How to identify spring wildflowers
Brush up on your spring wildflower ID skills with our handy guide. Here are 12 species for you to look out for.
1. Field forget-me-not Myosotis arvensis (above)
Annual on well-drained soils often near rabbit burrows and field edges. Blue flowers measure up to 5mm across.
2. Early forget-me-not Myosotis ramosissima
Local and tiny annual on well-drained soils. Smaller than field forget-me-not with intensely blue flowers 3mm wide.
3. Alternate-leaved golden saxifrage Chrysosplenium alternifolium
Locally scattered in lime-flushed places. Flowers in yellow clusters.
4. Opposite-leaved golden saxifrage Chrysosplenium oppositifolium
Non-limy soils, wet woodland, rocks and streamsides. Yellow-green sepals.
5. Cowslip Primula veris
Meadows, downs and road verges. Flower clusters smaller and brighter than single-stemmed primroses.
6. Oxlip Primula elatior
Ancient coppiced woods in south-east England, naturalised elsewhere. Drooping clusters of yellow flowers.
7. Greater stitchwort Stellaria holostea
Woodland rides, hedgerows and roadsides. Much larger flowers than lesser stitchwort and broader leaves.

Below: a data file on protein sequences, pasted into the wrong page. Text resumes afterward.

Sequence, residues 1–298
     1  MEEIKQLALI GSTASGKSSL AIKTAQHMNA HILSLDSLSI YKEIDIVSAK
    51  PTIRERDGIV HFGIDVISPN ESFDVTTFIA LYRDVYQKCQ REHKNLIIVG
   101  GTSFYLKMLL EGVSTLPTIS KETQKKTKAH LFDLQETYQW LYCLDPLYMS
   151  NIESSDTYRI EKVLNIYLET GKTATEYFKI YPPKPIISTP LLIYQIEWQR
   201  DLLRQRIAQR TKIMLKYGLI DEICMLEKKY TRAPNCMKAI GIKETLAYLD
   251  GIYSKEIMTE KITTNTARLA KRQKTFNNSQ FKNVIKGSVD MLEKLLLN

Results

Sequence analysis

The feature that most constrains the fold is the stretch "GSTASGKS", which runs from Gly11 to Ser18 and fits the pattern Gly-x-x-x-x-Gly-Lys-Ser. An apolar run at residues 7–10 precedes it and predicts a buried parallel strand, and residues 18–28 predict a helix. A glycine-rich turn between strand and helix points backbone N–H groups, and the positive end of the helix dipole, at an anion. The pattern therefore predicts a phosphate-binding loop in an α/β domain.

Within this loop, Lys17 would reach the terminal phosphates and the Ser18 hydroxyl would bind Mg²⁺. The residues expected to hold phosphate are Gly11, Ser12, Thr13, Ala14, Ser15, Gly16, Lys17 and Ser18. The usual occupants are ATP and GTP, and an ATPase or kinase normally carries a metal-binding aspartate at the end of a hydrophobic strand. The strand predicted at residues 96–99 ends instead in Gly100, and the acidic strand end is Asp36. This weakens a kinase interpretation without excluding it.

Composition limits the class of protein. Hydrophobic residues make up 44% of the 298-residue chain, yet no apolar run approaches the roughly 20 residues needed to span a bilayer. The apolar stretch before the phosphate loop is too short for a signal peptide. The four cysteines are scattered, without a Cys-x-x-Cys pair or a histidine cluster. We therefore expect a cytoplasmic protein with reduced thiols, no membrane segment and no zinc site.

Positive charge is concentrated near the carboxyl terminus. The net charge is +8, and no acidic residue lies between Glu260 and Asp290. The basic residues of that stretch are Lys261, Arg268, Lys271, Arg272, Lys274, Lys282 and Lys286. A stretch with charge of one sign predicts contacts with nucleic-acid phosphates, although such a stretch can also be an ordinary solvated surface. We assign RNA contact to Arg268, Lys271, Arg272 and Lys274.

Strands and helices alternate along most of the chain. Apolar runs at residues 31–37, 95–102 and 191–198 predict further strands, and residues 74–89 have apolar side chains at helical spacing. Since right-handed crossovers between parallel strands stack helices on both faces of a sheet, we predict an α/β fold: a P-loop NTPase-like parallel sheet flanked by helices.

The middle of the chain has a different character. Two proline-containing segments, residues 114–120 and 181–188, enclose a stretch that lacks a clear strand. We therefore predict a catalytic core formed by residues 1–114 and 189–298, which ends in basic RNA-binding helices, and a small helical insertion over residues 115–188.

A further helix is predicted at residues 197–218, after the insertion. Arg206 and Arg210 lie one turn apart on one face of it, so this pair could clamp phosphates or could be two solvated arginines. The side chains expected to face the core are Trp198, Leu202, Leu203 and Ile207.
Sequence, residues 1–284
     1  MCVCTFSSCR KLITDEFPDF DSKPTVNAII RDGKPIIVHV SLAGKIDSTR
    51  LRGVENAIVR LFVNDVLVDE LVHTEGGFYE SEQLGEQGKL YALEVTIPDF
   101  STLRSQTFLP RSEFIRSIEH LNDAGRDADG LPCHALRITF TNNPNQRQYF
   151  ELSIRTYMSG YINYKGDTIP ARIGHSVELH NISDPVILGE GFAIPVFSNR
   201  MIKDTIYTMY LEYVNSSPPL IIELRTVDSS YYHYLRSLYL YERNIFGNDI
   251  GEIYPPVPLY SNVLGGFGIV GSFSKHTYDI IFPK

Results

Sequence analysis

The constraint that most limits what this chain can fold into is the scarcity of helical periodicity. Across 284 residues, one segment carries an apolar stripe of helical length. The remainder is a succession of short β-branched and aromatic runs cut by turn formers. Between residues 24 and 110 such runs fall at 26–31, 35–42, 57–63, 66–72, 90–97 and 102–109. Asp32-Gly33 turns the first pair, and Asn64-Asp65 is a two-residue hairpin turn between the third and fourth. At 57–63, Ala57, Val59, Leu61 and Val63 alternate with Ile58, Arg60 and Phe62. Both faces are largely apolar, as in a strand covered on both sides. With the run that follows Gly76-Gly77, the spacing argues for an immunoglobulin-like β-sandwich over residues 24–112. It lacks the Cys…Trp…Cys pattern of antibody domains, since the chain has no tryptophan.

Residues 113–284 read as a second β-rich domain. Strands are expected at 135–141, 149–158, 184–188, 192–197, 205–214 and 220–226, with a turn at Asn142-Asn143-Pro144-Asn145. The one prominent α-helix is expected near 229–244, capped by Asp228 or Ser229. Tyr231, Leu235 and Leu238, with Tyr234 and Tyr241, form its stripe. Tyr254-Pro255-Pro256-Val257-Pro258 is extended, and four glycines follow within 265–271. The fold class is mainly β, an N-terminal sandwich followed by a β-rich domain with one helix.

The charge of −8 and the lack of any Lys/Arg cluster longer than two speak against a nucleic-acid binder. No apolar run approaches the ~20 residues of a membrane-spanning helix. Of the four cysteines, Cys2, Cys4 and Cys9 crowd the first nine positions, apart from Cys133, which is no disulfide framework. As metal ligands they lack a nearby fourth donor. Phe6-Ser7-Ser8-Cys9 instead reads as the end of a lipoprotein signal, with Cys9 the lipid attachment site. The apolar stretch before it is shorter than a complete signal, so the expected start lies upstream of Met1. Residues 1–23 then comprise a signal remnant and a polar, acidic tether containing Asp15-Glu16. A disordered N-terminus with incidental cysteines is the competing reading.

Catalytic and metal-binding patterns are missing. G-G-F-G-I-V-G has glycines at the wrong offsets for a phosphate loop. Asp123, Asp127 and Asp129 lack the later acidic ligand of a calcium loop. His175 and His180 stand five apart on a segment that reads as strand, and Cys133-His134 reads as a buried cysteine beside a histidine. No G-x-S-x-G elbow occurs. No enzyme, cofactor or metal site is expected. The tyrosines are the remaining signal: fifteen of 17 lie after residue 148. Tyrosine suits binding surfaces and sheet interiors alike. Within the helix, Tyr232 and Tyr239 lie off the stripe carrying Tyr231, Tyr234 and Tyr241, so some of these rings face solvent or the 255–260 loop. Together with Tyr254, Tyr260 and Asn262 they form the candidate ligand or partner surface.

8. Lesser stitchwort Stellaria graminea
Well-drained grassland, roadsides on acid soils. Small flowers. Petals longer than sepals. Bright green leaves.
9. Bugle Ajuga reptans
Creeping patches in woodland rides especially on heavy soils. Flowers blue in upright spikes. Shiny leaves.
10. Ground ivy Glechoma hederacea
Creeping mats especially on well-drained soils. Purple flowers. Leaves rounded, hairy and deeply toothed.
11. Sweet violet Viola odorata
Woods and hedgerows. Flowers rich purple, pinkish-purple or white. Spreads by stolons (runners).
12. Early dog violet Viola reichenbachiana
Woods and old hedgerows, often with wood anemone, primroses etc. Flowers lilac. No stolons (runners).